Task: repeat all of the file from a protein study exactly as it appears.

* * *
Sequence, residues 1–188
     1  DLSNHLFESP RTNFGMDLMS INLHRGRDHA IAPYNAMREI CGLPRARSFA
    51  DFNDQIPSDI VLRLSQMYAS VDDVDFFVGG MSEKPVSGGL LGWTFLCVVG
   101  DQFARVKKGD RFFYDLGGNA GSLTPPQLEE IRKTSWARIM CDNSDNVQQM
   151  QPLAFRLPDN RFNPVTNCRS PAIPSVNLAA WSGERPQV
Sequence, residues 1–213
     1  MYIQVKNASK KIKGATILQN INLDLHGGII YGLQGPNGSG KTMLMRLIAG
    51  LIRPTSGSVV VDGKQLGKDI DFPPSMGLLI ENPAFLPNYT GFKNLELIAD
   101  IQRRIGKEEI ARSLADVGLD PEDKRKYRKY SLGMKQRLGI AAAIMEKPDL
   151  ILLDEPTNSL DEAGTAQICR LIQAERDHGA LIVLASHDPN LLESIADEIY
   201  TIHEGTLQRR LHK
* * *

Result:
Sequence, residues 1–188
     1  DLSNHLFESP RTNFGMDLMS INLHRGRDHA IAPYNAMREI CGLPRARSFA
    51  DFNDQIPSDI VLRLSQMYAS VDDVDFFVGG MSEKPVSGGL LGWTFLCVVG
   101  DQFARVKKGD RFFYDLGGNA GSLTPPQLEE IRKTSWARIM CDNSDNVQQM
   151  QPLAFRLPDN RFNPVTNCRS PAIPSVNLAA WSGERPQV
Sequence, residues 1–213
     1  MYIQVKNASK KIKGATILQN INLDLHGGII YGLQGPNGSG KTMLMRLIAG
    51  LIRPTSGSVV VDGKQLGKDI DFPPSMGLLI ENPAFLPNYT GFKNLELIAD
   101  IQRRIGKEEI ARSLADVGLD PEDKRKYRKY SLGMKQRLGI AAAIMEKPDL
   151  ILLDEPTNSL DEAGTAQICR LIQAERDHGA LIVLASHDPN LLESIADEIY
   201  TIHEGTLQRR LHK